What’s the Role of Women in Co-ops?
Women representing co-ops around the world underscored that message during a forum at the
International Summit of Cooperatives.
“If you invest in women, the social return is much higher than the financial investment in them,” said Fatimah Mohamed Arshad, a board member at the Malaysian National Co-operative Movement.
“You will gain in gender equity, you will improve your women in terms of ownership skills and also helping them to better themselves and therefore the family,” she said.
The issue of women in co-ops is still developing. There is little question that they have made significant contributions to the cooperative movement.
Judy Ziewacz, president and CEO of the National Cooperative Business Association/CLUSA, noted women played leading roles in the development of credit unions and natural food and housing co-ops.
And they have made progress in numerical representation in the boardroom. A report from the International Cooperative and Mutual Insurance Federation said the percentage of women on the boards of mutual and cooperative insurers rose to 20.6 percent in 2015 from 17.8 percent in 2014.
Yet much remains to be done, speakers told the summit. Those board numbers fall far short of the percentage of women in the world’s population—a tick under 50 percent.
And a 2015 report by McKinsey Global Institute said advancing women’s equality could add $12 trillion to global economic growth.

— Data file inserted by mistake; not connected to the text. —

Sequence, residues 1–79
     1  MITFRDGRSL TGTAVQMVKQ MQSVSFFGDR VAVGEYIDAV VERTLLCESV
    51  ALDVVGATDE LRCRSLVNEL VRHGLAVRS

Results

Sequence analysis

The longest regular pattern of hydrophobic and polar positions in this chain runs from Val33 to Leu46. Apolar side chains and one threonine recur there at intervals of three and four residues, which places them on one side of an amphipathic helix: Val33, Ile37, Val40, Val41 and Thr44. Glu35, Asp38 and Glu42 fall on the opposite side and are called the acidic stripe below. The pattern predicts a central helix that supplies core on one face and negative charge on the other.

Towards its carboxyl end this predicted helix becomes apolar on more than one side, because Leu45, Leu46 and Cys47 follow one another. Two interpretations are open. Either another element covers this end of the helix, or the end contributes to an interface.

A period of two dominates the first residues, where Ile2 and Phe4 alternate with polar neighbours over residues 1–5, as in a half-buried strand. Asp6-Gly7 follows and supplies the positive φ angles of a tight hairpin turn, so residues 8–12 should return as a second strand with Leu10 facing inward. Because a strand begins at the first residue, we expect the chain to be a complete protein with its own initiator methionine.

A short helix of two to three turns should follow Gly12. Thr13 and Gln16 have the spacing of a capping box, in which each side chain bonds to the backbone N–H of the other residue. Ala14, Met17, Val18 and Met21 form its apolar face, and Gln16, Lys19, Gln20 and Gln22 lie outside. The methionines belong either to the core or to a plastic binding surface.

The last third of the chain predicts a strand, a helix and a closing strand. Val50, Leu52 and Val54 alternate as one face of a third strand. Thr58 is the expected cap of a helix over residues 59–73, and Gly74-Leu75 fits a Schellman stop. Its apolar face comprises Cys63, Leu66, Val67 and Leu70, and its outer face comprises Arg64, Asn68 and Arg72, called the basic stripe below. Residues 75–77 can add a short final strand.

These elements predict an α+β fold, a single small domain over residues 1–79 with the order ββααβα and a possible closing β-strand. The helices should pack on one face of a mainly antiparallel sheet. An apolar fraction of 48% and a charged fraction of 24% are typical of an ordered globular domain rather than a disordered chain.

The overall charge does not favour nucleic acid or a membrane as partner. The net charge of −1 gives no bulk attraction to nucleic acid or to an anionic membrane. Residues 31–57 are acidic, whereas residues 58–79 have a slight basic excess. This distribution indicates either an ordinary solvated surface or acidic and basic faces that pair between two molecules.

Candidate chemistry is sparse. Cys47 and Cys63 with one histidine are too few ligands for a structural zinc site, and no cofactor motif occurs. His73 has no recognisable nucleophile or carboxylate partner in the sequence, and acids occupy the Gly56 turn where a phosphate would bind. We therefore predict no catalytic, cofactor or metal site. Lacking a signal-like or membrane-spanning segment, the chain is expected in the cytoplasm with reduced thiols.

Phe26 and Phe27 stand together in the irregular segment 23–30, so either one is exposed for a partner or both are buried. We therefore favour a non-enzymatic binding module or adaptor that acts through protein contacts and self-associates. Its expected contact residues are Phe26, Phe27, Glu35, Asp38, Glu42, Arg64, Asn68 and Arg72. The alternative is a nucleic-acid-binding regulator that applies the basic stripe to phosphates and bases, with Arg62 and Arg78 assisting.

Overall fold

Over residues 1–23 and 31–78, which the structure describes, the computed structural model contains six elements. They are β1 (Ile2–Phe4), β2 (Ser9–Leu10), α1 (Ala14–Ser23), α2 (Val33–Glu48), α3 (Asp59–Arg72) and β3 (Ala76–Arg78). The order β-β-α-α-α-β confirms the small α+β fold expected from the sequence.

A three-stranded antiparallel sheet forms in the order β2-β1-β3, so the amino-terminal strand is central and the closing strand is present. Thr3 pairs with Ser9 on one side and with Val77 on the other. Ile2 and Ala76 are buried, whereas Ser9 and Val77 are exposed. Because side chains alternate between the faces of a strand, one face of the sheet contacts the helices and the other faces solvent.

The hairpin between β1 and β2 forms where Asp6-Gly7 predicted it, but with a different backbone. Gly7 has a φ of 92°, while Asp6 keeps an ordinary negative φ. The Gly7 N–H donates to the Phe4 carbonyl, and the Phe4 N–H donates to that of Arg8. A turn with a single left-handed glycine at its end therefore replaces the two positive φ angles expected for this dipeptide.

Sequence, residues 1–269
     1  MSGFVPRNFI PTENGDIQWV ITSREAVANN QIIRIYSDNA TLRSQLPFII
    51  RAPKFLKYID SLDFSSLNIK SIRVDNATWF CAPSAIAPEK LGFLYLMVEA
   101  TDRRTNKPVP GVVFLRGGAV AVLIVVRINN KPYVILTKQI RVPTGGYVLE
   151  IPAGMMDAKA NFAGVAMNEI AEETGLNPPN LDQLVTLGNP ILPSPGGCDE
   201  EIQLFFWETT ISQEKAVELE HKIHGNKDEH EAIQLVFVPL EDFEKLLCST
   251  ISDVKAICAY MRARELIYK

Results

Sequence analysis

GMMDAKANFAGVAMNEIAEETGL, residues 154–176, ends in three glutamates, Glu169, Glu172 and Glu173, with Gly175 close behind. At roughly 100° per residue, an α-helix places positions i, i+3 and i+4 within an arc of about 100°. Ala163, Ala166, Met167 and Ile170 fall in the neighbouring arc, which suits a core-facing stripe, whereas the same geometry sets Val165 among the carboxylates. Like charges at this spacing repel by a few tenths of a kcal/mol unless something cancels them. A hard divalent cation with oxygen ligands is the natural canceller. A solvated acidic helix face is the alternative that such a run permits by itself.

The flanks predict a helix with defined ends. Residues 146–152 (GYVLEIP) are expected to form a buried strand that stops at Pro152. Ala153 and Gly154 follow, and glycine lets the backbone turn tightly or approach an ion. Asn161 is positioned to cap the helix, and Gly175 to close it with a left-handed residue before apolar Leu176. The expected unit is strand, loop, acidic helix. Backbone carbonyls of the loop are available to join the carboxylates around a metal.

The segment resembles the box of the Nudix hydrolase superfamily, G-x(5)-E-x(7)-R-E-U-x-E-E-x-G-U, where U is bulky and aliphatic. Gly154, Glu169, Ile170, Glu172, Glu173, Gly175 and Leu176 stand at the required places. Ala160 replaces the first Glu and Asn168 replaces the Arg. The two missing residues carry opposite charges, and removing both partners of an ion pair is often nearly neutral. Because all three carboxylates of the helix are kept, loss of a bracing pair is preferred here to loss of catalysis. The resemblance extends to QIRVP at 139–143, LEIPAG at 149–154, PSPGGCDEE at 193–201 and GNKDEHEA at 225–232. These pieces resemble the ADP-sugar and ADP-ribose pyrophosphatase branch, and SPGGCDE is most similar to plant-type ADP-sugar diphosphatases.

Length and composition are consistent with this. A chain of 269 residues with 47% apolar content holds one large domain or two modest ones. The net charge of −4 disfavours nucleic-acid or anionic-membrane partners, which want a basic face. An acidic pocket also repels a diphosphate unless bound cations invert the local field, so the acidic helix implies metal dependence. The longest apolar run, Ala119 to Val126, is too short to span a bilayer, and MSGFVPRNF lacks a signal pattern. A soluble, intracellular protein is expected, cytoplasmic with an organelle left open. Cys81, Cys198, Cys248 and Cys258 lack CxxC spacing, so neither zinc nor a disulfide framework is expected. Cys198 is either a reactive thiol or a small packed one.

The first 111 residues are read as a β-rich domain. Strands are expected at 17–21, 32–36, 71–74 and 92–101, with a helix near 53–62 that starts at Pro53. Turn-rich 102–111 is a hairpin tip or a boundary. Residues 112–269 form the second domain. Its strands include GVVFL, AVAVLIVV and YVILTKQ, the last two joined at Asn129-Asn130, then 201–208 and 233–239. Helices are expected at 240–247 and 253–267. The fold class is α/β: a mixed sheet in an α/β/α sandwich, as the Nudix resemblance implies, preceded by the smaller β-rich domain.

Gender equity “is not happening all across the world,” Mohammed Arshad concluded.
What to do? For starters, co-op leaders say it’s possible to empower women by working with them where they are a major force in given field.
Take home care, an area in which Ziewacz has experience. Many women in the field work for low wages at for-profit enterprises, with high turnover, she noted.
“When they as caregivers formed their own cooperative in this emerging sector, worker-owned co-ops, then women become empowered over their working conditions, their advocacy for wages and their financial literacy and civic engagement.”
Marie-Claude Bibeau, the Canadian minister of international development, said women “have to be involved directly. In terms of health, education, green energy and good governance, we prioritize projects that place women and children at the core.”
Micro-cooperatives also are a way to tap the expertise of women in their traditional professions such as teaching or financial management, Mohammed Arshad added.
“Big cooperatives are good, they are powerful, they can move fast. But they sometimes can be more detached from their members,” she said. “Micro-cooperatives are very close to their members, they look like families [and are] often better for women.”